If you can’t make it down to Red Bull’s San Diego Air Race, which will be broadcast around the world, you can catch a tape of it on Fox Sports Network sometime in September.
On a side note, you might be inclined to use the word ‘acrobatic’ when describing the amazing air maneuvers being performed by the pilots. However, the precision and skills of these great pilots are known as ‘aerobatic’ stunts.
Great job San Diego! Our outpouring of support for the Tour of California, which was seen around the world, made this the number one stage race for attendance in U.S. Pro Cycling history. The massive crowds that lined the entire 97 mile route from Rancho Bernardo over Palomar Mountain to the Finish Line in Escondido made up for the lack of crowds in Northern California, which was due to heavy rains during the first days of the nine-day race, and brought the estimated race attendance total to 2 million spectators.
Whenever I watched the Tour de France, I always got a good chuckle from crazy costumes some spectators wore as they ran alongside of the racing cyclists. (I’d also be petrified that one of the loonies would knock over the cyclists.) It turns out San Diego has its fair share of loonies looking to be seen on TV around the world. The costumes ranged from sumo wrestlers to birthday suits but the one that stood out most for me was the guy wearing four-foot tall antlers on his head. He did a pretty good job sprinting alongside the cyclists as they reached the highest peak ever for the Tour of California. It was very cool to see a few inches of snow along the side of the road on Palomar despite temperatures being in the low 70′s at the bottom of the mountain.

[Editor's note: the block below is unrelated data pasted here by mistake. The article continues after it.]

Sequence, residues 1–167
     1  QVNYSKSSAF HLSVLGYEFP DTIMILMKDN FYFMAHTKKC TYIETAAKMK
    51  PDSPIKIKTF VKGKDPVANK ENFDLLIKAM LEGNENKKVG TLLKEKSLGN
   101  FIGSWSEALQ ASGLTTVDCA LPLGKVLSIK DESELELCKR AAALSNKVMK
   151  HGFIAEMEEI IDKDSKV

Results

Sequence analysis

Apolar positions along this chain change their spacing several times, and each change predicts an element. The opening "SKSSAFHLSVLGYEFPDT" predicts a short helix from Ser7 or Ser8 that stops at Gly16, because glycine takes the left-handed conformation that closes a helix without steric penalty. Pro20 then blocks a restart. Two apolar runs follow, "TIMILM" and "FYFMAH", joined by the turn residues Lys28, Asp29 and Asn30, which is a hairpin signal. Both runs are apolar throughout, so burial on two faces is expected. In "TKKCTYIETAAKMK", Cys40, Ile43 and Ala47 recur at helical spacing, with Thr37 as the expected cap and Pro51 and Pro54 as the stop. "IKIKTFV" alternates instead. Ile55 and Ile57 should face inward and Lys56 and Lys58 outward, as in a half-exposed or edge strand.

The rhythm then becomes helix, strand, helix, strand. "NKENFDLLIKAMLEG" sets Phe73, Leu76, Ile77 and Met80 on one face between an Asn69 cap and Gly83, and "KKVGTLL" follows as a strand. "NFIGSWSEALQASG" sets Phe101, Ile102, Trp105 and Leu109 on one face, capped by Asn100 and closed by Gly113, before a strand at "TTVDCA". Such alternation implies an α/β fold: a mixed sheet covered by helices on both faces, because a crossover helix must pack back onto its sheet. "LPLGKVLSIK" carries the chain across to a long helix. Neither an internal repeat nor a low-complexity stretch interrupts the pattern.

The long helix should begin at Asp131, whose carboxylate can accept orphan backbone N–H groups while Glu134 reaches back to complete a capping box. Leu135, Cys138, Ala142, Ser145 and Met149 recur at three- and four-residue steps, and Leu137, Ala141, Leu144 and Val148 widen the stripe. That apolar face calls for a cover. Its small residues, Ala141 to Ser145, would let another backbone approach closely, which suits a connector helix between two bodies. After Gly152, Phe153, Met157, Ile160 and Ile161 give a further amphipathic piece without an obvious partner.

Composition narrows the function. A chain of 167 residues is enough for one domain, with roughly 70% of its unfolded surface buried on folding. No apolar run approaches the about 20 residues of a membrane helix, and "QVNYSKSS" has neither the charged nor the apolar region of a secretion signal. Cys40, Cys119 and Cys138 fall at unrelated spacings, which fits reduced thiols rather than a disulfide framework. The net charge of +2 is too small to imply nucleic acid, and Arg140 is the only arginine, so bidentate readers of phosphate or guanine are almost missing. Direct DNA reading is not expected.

Speaking of Palomar, in a post last week, I mentioned Lance Armstrong compared the climb of Palomar to the venerable Mont Ventoux stage of the Tour de France. Tonight, the editor-in-chief of Bicycling Magazine who wrote Positively False: The Real Story of How I Won the Tour de France with Floyd Landis, spoke with Jim Lasovic from NBC 7/39, and noted that Landis calls Palomar Mountain the best mountain for cycling in the world. (So, there you have it, two of the cycling world’s best riders praising our own Palomar Mountain.)
Not only is Palomar Mountain one of the best mountains for cycling in the world, but Bicycling Magazine rates San Diego as the #1 City for Cycling.
San Diego received great worldwide publicity from today’s final stage of the Tour of California. The TV coverage on Versus provided an overhead view of San Diego’s Wild Animal Park and continually made remarks about the big crowds that stayed well after the race had finished. Even one of the Versus analysts noted he is heading to the San Diego Zoo tomorrow.
I am so glad San Diegans made this event a huge success for our community. Let’s hope this encourages the Amgen Tour of California officials to include San Diego once again in next year’s race!
(By the way, for those who saw the race on TV, if you were curious to know why the guy wearing the antlers had a Montana jersey, it was to cheer on the eventual Tour of California Winner, Levi Leipheimer, who is from Montana.)
If you have photos from today’s stage you want to share with others, let me know using the comments below and I’ll add them to this post!